States Scale Back COVID Reporting Just As Cases Surge
The trend of reducing data reporting has alarmed infectious disease specialists who believe that more information is better during a pandemic.
Several states scaled back their reporting on the coronavirus this month just as cases in the nation tripled. The delta variant of the virus is spreading quickly among the unvaccinated in some states.
The shift to weekly instead of daily reporting in Florida, Nebraska, Iowa and South Dakota was accompanied by less detail about the virus in Florida and Nebraska. Some officials have characterized the move as part of a return to normal. However, the average number of new virus cases nationwide went from 11,500 on June 20 to nearly 38,000 this week.
When Florida changed the frequency of its reporting this month, officials said it made sense given the decreasing number of cases and increasing number of people being vaccinated. Cases started soaring soon after, and Florida last week made up up one-fifth of the country’s new infections.
In Florida’s last two weekly reports, the number of new cases increased from 23,000 to 45,000 and then 73,000 this past Friday, an average of more than 10,000 day. Democrats and other critics have urged state officials and Republican Gov. Ron DeSantis to resume daily updates.
In Nebraska, the state stopped reporting on the virus altogether for two weeks after Gov. Pete Ricketts declared an end to the official virus emergency, forcing reporters to file public records requests or turn to national websites that track state data to learn about COVID statistics. Nebraska officials backtracked two weeks later and posted a weekly site that provides some basic numbers.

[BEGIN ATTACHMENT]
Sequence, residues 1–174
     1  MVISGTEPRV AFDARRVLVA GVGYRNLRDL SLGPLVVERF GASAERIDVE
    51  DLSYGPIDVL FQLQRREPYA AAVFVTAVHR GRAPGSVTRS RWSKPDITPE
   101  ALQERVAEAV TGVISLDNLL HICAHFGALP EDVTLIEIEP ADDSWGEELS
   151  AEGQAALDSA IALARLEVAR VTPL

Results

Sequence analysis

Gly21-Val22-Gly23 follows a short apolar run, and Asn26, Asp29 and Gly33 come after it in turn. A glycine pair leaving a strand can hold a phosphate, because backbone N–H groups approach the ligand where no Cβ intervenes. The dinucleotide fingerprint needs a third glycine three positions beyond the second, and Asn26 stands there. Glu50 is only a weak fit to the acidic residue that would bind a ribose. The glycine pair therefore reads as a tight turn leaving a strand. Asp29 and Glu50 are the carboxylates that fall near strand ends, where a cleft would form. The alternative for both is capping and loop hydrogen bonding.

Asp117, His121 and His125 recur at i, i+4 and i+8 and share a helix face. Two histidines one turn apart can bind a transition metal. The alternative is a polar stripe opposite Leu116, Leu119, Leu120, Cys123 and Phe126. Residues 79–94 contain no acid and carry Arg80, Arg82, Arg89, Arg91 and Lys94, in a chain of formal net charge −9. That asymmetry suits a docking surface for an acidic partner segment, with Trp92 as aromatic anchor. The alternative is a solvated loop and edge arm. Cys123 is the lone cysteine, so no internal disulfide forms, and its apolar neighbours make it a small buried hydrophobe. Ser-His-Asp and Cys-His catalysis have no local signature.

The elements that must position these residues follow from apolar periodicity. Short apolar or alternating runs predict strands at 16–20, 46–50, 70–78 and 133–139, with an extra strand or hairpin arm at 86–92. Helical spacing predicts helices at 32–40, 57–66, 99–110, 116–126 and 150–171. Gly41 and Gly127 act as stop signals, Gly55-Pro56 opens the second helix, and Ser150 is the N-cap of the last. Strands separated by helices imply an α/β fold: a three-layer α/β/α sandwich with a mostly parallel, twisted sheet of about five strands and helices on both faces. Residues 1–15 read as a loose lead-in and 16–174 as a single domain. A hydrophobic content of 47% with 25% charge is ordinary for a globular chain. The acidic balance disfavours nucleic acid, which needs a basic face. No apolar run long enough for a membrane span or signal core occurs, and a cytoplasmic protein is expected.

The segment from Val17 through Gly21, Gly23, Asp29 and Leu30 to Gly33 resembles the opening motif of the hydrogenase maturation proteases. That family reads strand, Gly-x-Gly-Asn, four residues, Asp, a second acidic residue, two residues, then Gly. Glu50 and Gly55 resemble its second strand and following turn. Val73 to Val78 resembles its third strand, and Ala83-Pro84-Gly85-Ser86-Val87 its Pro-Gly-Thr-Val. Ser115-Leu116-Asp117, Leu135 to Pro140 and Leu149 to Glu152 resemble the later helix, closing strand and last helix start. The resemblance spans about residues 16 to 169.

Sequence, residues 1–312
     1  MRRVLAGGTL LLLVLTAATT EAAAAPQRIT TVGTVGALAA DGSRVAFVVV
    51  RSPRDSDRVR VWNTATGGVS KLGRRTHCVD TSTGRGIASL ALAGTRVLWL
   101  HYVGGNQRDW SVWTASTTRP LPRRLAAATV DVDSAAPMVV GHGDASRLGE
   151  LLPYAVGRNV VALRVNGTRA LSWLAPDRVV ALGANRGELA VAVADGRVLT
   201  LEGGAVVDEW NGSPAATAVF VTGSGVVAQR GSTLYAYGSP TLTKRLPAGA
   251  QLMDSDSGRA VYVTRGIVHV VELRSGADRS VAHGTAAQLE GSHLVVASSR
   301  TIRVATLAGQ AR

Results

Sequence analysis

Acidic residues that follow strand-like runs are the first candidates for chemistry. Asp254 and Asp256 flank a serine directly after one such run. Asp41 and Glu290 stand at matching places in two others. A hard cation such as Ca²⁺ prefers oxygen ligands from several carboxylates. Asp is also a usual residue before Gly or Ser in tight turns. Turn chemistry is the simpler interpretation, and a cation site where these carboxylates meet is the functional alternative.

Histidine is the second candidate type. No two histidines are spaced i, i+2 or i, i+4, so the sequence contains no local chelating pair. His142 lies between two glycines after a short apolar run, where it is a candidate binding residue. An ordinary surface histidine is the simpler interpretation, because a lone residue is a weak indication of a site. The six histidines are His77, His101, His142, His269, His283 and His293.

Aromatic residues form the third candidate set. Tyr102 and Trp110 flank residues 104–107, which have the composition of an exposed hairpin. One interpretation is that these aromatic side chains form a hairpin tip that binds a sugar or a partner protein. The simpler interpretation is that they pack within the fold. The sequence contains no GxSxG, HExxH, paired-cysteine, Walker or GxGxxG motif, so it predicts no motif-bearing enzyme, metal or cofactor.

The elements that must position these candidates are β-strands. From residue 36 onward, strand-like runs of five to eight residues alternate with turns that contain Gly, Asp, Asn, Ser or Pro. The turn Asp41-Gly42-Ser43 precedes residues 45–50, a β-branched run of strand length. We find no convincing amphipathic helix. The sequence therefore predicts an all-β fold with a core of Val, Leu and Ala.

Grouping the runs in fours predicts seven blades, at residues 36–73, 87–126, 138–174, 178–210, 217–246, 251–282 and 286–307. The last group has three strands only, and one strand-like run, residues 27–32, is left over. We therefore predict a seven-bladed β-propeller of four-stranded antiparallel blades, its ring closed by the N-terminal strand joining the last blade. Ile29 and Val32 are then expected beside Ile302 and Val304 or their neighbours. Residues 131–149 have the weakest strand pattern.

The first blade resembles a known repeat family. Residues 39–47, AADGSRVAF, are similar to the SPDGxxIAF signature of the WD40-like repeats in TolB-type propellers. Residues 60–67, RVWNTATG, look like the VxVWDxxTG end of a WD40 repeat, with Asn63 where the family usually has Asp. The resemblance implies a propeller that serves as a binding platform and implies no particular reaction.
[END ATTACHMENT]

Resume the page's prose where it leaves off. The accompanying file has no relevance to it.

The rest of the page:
Public health communication expert Joseph Cappella says the spin that these reporting changes are part of a return to normalcy doesn’t fit with recent case numbers. State coronavirus dashboards have become a staple for closely tracking case counts and trends to navigate a crisis that has killed more than 600,000 Americans.
However, reporting the numbers weekly still allows people to see the overall trends while smoothing day-to-day variations from the way cases are reported and not the actual number of new cases. And experts have long advised that it makes sense to pay more attention to the seven-day rolling average because the numbers can vary from one day to the next.
Also, maintaining daily updates requires significant resources for states.